Twitter recorded over one million conversations on GST between June 30 and July 2 – reflecting the sentiment of the nation on what is being billed as the largest tax reform since Independence.
From #GSTIndia to #GSTForCommonMan, people took to Twitter to express their opinions and conversations about Goods and Services Tax (GST).
India ushered in the Goods and Services Tax (GST) regime on the intervening night of June 30 and July 1. A four-tier tax slab — 5, 12, 18 and 28 per cent — has been decided. Click to read more
As many as 22 states have abolished border commercial tax checkposts after the rollout of goods and services tax (GST) on July 1, marking a big step towards ‘One nation, one tax’ goal of this reform.
These states include both NDA-ruled ones and those by the opposition, indicating a broad-based intent to implement the GST.
The states include Gujarat, Bihar, Karnataka, West Bengal, Tamil Nadu, Haryana, Kerala, Madhya Pradesh, Uttarakhand. Eight states including Assam, Himachal Pradesh, Manipur, Meghalaya, Nagaland, Punjab, Mizoram and Tripura are in the process of abolishing their checkposts, an official statement said on Monday. Click to read more
Transport companies are now insisting traders furnish their GST numbers before accepting goods for transportation anywhere. Traders who have not acquired GST numbers will not be entertained, some transporters told Business Standard.
Ashok Shah, chairman of V- Trans, a large Mumbai-headquartered logistics company and past chairman of Bombay Goods Transport Association confirmed the development. He said, “Octroi being subsumed in GST is a big relief and will save both, time in transit and fuel. However, for transporting goods, the sender’s GST number is required, because given the way tax provisions for transporters have been structured, that becomes necessary”. Click to read more
The multiple tax slabs of the present structure of GST (Goods and Services Tax) has attracted criticism from certain quarters, given that it’s not exactly ‘one nation, one tax’. Currently, the goods and services are categorised under four slabs- 5, 12, 18 and 28 per cent with few items like gold and rough diamonds attracting exclusive rates. A certain section of the industry believes that it defeats the basic purpose of GST i.e. simplifying the old tax structure. Click to read more
The Indian economy has been celebrated for being remarkably resilient. In the face of the 2008 global financial meltdown, India did not figure in the list of dominoes that fell. The effects of the global recession did not appear to have as much of an impact on India’s economy as they did on several large economies that were fully integrated with the global market. After the 2008 financial crisis, the Indian economy more or less recovered from the setbacks it suffered at the time. Click to read more
When Parliament met on the midnight of 30 June to roll out GST, the Congress and a few other Opposition parties boycotted the ceremony calling it a “tamasha” engineered to elevate the “tryst with GST” moment to the level of the indelible “tryst with destiny” of 1947. Or to self-propel Prime Minister Narendra Modi into an orbit synchronous with Jawaharlal Nehru.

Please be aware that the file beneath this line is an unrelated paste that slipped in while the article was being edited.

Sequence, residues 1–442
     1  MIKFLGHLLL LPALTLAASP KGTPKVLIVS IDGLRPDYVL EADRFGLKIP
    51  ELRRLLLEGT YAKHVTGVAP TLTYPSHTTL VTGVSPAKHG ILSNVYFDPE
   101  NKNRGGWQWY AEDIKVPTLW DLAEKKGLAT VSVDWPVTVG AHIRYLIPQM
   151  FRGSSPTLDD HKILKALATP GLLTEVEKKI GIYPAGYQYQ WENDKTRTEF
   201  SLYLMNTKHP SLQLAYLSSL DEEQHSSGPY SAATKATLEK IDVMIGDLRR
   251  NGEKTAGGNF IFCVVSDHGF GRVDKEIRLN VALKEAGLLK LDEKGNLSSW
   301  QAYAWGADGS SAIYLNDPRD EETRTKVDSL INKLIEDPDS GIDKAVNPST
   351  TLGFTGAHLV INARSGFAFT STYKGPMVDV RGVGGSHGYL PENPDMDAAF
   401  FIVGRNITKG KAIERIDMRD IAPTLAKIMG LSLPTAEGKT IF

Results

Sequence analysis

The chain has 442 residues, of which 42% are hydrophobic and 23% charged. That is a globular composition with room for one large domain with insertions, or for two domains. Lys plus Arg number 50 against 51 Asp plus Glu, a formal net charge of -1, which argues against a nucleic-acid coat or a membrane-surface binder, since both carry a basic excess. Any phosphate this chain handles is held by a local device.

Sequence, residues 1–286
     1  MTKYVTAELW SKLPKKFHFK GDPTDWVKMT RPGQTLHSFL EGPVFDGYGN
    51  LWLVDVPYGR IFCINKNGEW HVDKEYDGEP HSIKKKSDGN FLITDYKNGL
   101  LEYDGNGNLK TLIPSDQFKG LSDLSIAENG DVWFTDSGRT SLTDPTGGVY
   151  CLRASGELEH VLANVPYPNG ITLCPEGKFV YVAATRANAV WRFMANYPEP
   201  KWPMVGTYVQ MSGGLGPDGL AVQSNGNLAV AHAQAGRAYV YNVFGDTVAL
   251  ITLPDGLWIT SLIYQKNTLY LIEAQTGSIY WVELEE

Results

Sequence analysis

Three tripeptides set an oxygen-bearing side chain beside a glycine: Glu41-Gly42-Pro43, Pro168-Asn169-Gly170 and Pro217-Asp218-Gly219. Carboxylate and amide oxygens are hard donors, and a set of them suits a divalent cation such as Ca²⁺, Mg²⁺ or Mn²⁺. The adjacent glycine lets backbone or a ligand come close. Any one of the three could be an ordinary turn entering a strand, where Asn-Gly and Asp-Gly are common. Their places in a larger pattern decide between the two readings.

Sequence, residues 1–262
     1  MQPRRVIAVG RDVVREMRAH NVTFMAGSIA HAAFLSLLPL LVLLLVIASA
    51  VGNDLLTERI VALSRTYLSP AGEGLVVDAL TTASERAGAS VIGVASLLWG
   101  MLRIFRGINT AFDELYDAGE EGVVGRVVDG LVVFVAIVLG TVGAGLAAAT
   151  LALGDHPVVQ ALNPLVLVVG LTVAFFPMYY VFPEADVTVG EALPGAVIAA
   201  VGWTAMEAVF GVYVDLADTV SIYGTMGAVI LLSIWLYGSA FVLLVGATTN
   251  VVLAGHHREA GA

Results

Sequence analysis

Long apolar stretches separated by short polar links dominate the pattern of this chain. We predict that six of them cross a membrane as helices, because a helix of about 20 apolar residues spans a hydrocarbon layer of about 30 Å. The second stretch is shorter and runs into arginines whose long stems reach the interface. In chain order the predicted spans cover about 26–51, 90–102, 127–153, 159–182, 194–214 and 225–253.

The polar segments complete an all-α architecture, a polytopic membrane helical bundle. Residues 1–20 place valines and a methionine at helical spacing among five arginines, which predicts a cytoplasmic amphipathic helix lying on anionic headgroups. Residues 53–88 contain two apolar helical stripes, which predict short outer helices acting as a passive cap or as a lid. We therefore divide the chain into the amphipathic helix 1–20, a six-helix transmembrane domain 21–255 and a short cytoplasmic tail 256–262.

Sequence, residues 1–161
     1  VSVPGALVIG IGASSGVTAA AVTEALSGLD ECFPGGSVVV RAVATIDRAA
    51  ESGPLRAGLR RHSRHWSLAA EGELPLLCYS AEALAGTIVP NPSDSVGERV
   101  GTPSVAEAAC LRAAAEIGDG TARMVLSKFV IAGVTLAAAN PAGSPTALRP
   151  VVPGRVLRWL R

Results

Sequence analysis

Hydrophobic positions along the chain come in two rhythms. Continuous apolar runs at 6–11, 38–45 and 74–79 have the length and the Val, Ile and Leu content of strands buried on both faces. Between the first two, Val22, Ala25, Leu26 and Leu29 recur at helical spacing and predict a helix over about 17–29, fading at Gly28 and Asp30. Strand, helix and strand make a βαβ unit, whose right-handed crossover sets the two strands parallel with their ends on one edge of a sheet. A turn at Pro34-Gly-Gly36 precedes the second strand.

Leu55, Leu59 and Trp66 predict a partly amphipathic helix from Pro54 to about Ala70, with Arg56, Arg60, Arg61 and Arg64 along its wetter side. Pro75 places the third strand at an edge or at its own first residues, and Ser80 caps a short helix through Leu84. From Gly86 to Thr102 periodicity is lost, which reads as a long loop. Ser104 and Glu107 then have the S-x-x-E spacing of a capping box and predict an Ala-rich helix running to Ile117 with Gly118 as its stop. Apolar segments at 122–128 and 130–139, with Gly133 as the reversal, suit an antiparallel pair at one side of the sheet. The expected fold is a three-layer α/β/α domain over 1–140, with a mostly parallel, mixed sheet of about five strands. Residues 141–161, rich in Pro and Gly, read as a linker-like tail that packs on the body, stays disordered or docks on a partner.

Conventional wisdom tells us that though GST is the “biggest tax reform since independence”, it is not quite independence itself. No wonder then that Narendra Modi came under severe attack for daring to equate the two and, in the process, for trying to appropriate credit for ushering in GST. Click to read more
Despite all efforts by Revenue Secretary Hasmukh Adhia to calm down the country’s GST panic and address the “seven myths” surrounding the new tax regime, Chandigarh traders remain perplexed. President of Chandigarh Beopar Mandal, Anil Vohra, said, “Traders are really confused. Teething problems do occur when a new system comes in place. It will take a few months to settle down.”
However, in a sign that traders are trying to come to grips with the new system, many have started trading and are issuing manual receipts. Traders with computers who have had the GST software installed are taking help of accountants. Click to read more
In an exclusive interview with ET NOW’s Tanvir Gill and Ayesha Faridi, Rakesh Jhunjhunwala, Partner, Rare Enterprises, says that the biggest gain from GST is a digitised economy, along with efficiencies in logistics leading to efficient supply chains. Though there will be initial hiccups, the changes that the new tax regime will unleash will lead to a ‘forced morality and a willingness to pay taxes’, he said.
The anti-profiteering clause is of little use as competition places a better check on prices, he said. The ace investor also felt that once a few stressed assets in the banking sector are resolved under the new bankruptcy code, it would take around 18-24 months to tackle the NPA mountain. Edited excerpts: Click to read more
Footwear companies across the country are looking to increase prices of their products—particularly in the leather segment—by 5-7%, in a bid to compensate for a higher goods and service tax (GST) rate.
The GST Council had categorised footwear into two tax slabs. Those priced below Rs500 will be taxed at 5%, and others will be taxed at 18%.
“While we welcome the path-breaking tax reform of GST (one nation, one tax, one sector), we will be required to increase the prices of our products by at least 5-7% with effect from September (after the existing stock is cleared) due to the 18% rate. Click to read more